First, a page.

I am new to led
aquarium lighting but i am pretty experienced electronics hobbyist. So, for me is not problem to build a smart and controlled DUY lighting led
However, there are question on what leds to choose and how to light them up.
Let's start from the simple one
1) Methods of lighting
There basically two way to light up a led
: PWM and constant current. With PWM the leds are brightly pulsed with some frequency. So, if F is 100hz and over it looks like constant light to out eye. If we make pulses shorted (for example, duty cycle of 10% on and 90% off, frequency is the same) the leds look dimmer. It is very easy to control the brightness of the leds this way and easy to do rising and setting sun effects as well as other effects. The constant current is a more sophisticated way. It actually generates constant flow of current through the leds and control the amount of this current. No pulses here.
For PWM i can do about 3-10KHZ frequency without any problems.
Now, the question is what will plants do about it? Is PWM bad for them? Will they react normally for PWM lighting methods or they need constant current way only? Or PWM is okay starting from some frequency and up?
I have not found any answer to these question anywhere. Any scientifically backed up idea from anyone?
Actually, the PWM pulses can delivery a lot higher momentary energy density than the constant current method. So, i don't the the details of the chemistry, but PWM might work worse or better that constant current method.
Anyhow, if no answer here i will just built a constant current driver or buy a chip for it.
This one a lot more important. I am building this for freshwater aquarium to light freashwater plants (and if it work i will try it for usual pot plants too). So, according to this:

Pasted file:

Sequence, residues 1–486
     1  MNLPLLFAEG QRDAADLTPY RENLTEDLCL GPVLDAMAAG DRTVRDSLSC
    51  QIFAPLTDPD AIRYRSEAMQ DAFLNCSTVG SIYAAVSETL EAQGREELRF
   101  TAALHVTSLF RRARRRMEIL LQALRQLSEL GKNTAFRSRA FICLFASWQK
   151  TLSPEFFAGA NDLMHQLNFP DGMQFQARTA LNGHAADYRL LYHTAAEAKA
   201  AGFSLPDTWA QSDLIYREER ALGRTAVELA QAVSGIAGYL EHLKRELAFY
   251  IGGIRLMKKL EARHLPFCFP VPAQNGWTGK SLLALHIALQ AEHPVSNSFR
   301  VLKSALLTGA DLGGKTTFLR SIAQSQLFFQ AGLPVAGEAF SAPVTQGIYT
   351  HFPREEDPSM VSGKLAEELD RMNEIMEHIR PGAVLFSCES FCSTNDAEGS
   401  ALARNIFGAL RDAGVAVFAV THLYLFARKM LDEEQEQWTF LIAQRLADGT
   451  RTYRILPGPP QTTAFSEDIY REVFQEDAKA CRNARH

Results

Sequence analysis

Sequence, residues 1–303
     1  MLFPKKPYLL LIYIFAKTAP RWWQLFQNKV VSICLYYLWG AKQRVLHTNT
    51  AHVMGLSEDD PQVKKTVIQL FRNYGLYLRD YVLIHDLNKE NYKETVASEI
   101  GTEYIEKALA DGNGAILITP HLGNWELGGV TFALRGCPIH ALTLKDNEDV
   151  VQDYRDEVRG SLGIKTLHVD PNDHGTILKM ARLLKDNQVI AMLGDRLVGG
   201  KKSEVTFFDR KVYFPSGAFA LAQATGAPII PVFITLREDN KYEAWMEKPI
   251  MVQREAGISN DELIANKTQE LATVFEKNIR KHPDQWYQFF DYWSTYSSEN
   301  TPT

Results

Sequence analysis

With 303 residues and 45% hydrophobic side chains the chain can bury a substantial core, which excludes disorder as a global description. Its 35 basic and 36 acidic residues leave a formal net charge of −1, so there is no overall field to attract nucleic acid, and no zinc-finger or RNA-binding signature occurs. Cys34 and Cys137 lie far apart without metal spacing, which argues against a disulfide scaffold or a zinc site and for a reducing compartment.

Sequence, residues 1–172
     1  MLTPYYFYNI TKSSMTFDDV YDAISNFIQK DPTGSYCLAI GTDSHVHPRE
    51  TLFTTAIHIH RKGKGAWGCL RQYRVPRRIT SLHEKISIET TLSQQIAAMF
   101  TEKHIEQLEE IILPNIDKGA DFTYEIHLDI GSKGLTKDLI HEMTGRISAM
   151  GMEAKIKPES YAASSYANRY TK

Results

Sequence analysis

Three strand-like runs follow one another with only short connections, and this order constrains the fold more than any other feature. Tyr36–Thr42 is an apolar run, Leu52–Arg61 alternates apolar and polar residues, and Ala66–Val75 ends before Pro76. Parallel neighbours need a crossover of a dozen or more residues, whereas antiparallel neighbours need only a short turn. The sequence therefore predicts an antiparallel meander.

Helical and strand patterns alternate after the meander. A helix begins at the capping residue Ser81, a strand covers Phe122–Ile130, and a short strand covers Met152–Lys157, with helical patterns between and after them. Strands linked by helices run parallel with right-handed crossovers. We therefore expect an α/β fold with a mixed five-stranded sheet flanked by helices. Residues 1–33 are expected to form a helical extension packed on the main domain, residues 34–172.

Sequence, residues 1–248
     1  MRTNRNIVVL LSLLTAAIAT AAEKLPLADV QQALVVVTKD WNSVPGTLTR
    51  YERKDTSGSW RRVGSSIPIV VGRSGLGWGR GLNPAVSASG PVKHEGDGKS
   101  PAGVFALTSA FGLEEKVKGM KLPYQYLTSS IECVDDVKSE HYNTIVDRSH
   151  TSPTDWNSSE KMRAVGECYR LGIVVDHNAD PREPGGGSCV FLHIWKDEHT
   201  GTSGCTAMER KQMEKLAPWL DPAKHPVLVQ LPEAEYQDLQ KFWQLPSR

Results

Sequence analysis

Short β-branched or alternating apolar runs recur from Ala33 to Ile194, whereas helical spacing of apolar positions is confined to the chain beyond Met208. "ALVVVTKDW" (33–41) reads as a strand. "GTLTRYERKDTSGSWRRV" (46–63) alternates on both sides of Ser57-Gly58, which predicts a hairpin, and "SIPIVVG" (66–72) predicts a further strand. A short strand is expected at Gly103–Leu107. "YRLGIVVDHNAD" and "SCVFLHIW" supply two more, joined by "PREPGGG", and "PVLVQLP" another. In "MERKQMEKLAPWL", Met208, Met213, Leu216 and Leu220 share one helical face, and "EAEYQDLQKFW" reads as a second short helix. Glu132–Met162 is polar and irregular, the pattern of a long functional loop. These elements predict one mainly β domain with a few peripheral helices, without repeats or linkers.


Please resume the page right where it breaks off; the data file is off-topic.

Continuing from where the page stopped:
and wikipedia also (see PAR)
i mainly need two spikes: around 470 nm and around 670nm, avoid most yellow and green and avoid UVA,UVB. Better yet have a good plato covering
all from 620 to 700nm.
There we also see that they suggest white leds with hight kelvin color temperature.
But let's look at the pdf for XP-E leds from Cree.
we see the power distribution for the wavelengths.
As we see there WARM WHITE (lower color temperature) has actually a lot more energy in 620-700 nm range than cool white and its power distribution falls a lot better into 620-700 range too. The blues are lower, but we don't need much of them too. The middle section is pretty much the same for all whites.
Then why high color temp white leds are suggested if according to the graph
warm white fits better?
Also, isn't it logical to add a bit more red leds with middle spike around 670nm to add more energy in 620-700 nm range, as well as add some with 480nm spike to increase photosynthetic response? Let's say, 1 extra red led
for 4 white and 1 extra blue for each 6 whites.
And one extra question: i can really put an automated scheduled UV
-C range sterilizer. Is it true that it will kill the algae?